WASHINGTON — The U.S. Postal Service is serious about pursuing postal reform, deputy postmaster general John Nolan said yesterday as he laid out key features of the agency’s effort.
Nolan, speaking at an emergency briefing on postal developments sponsored by the Alliance of Nonprofit Mailers, said any reform plan needs to be simple and recognize the importance and costs of universal delivery.
Nolan argued that the USPS’ should keep its monopoly on universal delivery but said that the agency needs flexibility in setting prices for some services.
The USPS recently found that to break even this year, the agency has to generate about $1.90 a day per delivery, Nolan said. However, only about 25 percent of deliveries generate that kind of revenue.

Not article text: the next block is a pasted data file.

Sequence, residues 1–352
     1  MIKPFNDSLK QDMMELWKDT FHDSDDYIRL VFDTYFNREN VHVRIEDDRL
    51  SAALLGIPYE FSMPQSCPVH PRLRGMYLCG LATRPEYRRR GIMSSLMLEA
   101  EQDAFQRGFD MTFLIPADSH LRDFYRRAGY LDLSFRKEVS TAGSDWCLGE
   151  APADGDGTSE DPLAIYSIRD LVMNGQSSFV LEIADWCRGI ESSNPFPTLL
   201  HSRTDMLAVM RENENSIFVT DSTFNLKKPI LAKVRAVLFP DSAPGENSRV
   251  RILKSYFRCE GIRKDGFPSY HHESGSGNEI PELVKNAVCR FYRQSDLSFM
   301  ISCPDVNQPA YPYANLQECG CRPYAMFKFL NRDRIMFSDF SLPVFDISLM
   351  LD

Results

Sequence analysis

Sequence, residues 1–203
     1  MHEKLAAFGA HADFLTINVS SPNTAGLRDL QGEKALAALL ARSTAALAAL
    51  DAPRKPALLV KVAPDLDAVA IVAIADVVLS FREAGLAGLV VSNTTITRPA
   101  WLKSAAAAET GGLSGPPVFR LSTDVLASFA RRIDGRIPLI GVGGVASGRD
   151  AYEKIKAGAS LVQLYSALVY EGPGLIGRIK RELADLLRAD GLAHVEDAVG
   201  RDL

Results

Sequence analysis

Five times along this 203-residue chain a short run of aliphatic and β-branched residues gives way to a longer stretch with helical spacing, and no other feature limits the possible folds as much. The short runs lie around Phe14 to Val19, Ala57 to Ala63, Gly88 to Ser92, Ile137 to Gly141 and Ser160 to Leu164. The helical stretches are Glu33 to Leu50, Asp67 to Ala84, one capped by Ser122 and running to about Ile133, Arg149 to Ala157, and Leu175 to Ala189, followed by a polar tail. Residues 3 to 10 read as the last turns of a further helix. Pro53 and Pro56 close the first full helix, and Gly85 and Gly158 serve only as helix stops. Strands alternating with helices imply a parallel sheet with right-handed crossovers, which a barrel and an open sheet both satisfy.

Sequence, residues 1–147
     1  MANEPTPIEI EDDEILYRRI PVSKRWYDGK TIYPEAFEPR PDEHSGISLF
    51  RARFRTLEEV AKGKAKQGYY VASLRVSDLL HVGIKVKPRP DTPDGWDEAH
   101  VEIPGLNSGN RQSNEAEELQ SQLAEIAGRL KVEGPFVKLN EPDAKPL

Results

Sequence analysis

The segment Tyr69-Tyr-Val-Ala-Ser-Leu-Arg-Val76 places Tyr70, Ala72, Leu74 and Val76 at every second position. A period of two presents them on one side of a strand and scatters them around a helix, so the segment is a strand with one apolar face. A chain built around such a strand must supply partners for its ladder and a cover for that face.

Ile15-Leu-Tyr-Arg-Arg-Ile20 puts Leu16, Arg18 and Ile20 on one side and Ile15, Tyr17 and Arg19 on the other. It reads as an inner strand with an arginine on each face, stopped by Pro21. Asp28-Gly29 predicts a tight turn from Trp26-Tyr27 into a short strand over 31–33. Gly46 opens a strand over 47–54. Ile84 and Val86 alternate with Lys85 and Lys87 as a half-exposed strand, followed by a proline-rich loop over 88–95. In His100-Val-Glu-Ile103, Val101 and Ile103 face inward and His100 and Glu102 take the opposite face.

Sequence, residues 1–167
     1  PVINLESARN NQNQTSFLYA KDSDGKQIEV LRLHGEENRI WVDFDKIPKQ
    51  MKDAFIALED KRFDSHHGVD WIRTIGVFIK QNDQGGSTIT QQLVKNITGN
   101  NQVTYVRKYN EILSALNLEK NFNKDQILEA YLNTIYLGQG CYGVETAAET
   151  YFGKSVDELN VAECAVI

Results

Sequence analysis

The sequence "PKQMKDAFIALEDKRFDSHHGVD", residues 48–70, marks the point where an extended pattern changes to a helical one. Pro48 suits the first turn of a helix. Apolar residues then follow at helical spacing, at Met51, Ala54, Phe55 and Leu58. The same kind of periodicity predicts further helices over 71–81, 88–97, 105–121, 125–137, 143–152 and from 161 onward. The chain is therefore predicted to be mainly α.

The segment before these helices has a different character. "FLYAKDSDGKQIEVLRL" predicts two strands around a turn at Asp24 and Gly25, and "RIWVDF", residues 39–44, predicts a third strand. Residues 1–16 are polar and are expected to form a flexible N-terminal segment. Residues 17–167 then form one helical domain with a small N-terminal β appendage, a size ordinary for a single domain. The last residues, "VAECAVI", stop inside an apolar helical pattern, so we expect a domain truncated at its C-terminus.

“All the other areas of the postal service should be able to adjust products and services and introduce new ones as needed,” he said.
Nolan added that a reform plan should include “a collective bargaining model that requires people to really, really collectively bargain, rather than having a third-party arbitrator do this.”
Nolan did not offer any more details on when the next rate case will be filed or how much of a rate increase would be sought. Most insiders at the meeting said the next rate case will take place either in the fall or in January.
Meanwhile, representatives of the House and Senate committees that oversee the postal service assured the audience that both chambers are working hard on postal reform and hoping to come up with a bipartisan bill that will be passed as soon as possible.